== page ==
One of the disruptive technologies and one with perhaps the widest impact on a variety of businesses is undoubtedly Blockchain.
Often confused and mistakenly linked solely to Bitcoin (Blockchain was developed as the transaction platform for Bitcoin), it’s in actual fact much, much more.
Blockchain, in its simplest of terms, is a time-stamped series of immutable and incorruptible record of data managed by cluster of computers but not owned by any single entity.
Here’s how it works:
Two parties want to exchange information or execute a transaction of value. They record the transaction between them on the system.
This transaction is then broadcast to a decentralised database that forms a public ledger of all transactions. At this stage this becomes known as a block.
The network then collectively validates the block, ensuring that changes have not been made and that the transaction can now be processed.
The verified block is then added to a chain of previously verified and approved blocks now becoming what is referred to as a blockchain. All verified blocks are time-stamped, thus authenticating them.
The transaction (information or payment) now verified and approved, is delivered to the relevant parties.
Each of these blocks of data (i.e. block) are secured and bound to each other using cryptographic principles (i.e. chain). The blockchain network has no central authority — it is the very definition of a democratised system. Since it is a shared and immutable ledger, the information in it is open for anyone and everyone to see. Hence, anything that is built on the blockchain is by its very nature transparent and everyone involved is accountable for their actions.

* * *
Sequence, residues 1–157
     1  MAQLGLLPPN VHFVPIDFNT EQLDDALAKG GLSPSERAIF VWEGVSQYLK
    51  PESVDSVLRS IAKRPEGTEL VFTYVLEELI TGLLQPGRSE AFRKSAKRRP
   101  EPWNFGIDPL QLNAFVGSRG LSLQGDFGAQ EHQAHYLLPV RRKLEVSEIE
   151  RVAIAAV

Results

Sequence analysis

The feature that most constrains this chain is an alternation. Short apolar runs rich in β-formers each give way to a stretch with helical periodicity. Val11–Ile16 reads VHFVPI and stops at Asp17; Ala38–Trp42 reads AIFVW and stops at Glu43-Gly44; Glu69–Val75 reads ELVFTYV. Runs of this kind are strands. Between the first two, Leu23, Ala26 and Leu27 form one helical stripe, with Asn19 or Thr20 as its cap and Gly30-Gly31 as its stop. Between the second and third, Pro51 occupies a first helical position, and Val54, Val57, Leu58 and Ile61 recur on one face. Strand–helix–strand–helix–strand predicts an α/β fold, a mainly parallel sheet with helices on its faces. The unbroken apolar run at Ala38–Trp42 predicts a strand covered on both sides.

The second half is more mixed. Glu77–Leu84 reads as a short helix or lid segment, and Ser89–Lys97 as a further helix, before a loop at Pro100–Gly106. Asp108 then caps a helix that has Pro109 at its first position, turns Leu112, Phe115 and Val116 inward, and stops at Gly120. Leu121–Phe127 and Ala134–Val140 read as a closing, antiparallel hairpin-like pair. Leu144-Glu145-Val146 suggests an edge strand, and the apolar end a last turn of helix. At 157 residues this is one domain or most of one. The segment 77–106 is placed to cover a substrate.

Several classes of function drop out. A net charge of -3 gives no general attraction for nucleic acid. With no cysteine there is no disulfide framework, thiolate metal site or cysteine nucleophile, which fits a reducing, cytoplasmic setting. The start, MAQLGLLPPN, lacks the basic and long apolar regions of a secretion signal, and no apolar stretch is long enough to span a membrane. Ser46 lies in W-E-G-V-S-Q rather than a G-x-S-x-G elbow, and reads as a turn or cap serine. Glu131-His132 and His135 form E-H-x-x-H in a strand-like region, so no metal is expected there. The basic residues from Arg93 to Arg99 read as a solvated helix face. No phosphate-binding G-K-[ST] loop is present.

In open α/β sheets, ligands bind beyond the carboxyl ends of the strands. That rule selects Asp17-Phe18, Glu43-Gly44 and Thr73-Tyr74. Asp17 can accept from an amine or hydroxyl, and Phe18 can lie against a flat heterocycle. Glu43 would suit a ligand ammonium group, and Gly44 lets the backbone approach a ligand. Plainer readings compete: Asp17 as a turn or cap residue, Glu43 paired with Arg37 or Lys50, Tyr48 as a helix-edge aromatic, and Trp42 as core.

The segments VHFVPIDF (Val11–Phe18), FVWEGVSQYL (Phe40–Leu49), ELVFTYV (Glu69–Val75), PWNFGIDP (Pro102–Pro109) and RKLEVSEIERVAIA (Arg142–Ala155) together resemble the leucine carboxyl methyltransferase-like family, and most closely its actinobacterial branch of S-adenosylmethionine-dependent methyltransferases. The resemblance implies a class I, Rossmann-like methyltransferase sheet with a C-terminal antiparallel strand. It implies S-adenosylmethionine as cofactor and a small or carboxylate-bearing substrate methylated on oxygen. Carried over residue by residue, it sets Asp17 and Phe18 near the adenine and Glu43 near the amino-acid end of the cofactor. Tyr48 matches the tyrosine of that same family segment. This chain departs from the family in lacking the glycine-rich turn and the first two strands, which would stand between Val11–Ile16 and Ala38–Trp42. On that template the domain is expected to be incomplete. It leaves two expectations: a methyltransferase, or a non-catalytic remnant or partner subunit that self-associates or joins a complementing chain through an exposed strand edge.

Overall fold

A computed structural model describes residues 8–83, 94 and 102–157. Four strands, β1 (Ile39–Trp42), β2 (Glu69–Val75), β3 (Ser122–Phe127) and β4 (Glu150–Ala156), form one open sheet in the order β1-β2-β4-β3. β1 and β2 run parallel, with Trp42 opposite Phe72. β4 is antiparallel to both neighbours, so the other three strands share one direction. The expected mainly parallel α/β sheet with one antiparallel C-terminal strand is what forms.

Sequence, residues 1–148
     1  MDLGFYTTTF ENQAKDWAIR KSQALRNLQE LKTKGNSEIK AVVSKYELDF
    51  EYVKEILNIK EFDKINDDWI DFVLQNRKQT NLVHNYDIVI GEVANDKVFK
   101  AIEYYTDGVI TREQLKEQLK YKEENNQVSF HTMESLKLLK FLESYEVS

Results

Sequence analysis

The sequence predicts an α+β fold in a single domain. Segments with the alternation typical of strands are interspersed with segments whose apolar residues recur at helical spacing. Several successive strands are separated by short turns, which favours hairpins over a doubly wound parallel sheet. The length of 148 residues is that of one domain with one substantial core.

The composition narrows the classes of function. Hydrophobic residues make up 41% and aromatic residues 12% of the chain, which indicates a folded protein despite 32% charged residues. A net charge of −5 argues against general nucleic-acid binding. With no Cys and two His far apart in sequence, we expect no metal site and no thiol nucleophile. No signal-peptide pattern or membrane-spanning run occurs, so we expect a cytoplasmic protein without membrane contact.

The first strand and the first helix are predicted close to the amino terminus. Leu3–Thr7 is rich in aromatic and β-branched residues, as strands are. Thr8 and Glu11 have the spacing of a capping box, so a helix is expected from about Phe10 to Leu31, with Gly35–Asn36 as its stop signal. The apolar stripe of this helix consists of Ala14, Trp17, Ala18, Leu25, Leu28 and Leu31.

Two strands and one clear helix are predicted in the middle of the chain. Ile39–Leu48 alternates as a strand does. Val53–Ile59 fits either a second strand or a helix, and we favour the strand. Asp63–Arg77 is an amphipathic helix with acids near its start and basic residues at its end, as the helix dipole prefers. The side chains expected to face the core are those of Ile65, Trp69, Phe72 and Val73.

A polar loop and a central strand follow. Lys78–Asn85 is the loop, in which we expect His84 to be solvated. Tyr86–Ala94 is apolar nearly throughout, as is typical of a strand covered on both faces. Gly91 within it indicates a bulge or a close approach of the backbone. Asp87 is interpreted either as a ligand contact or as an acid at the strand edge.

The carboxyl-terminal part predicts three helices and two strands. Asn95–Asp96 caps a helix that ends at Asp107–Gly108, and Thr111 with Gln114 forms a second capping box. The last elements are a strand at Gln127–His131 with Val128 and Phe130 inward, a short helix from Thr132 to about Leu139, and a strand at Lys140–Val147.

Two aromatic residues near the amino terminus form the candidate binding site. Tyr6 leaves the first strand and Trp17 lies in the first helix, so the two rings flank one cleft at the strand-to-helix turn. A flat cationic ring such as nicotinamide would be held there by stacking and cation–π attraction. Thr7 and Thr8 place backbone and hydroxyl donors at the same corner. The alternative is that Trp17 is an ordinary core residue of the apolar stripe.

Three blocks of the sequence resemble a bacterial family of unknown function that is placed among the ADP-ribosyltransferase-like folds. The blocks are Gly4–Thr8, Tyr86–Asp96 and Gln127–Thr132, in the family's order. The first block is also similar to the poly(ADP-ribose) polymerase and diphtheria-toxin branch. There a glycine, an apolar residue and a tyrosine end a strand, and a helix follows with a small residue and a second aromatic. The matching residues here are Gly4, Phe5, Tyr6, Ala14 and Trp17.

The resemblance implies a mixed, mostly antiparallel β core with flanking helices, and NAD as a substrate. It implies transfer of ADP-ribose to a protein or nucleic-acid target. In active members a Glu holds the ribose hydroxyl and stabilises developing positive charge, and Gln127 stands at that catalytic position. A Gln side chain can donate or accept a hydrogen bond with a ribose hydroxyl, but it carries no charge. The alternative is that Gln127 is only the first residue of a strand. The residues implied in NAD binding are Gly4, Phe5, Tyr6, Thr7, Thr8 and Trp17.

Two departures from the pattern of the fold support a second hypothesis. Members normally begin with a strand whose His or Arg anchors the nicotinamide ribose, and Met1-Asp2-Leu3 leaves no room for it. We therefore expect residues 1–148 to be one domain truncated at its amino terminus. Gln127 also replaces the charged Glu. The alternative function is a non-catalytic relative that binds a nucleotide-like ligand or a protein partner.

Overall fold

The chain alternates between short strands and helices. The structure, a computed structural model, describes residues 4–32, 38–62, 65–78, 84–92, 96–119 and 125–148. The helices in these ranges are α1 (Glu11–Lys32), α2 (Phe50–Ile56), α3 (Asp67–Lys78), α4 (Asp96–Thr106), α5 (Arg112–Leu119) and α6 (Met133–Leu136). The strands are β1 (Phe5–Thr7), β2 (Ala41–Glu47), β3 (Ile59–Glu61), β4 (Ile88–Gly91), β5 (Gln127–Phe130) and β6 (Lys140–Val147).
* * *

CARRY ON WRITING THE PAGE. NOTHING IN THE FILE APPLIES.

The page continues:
This block is verified by thousands, perhaps millions of computers distributed around the net. The verified block is added to a chain, which is stored across the net, creating not just a unique record, but a unique record with a unique history. Falsifying a single record would mean falsifying the entire chain in millions of instances. That is virtually impossible.
So, what is so special about it and why are we saying that it has industry disrupting capabilities? Here are a few other potential uses for blockchain technology.
Payment processing and money transfers
Perhaps the most logical use for blockchain is as a means to expedite the transfer of funds from one party to another. With banks removed from the equation, and validation of transactions ongoing 24/7, most transactions processed over a blockchain can be settled within a matter of seconds.
Data Sharing and Data Backup.
Data can be securely shared between different parties without the risk of tampering or corruption. Blockchain might also be the perfect way to back up data. Even though cloud storage systems are designed to be a go-to source for data safekeeping, they're not immune to hackers, or even infrastructure problems.
Blockchain offers the ability to vote digitally and combines the ease of digital voting with the immutability of records ensuring a proper validated process.
Tax regulation and compliance
Companies can use blockchain as a means to record payments (including VAT) and to act as a clear record for the revenue authorities.
At some point, blockchain could rival or replace current equity trading platforms to buy or sell stocks. Because blockchain networks validate and settle transactions so quickly, it could eliminate the wait time investors encounter when selling stock(s) and seeking access to their funds for the purpose of reinvestment or withdrawal.
There are numerous other applications for this technology too and as the world becomes accustomed to using Blockchain, more traditional ways of doing things will be challenged.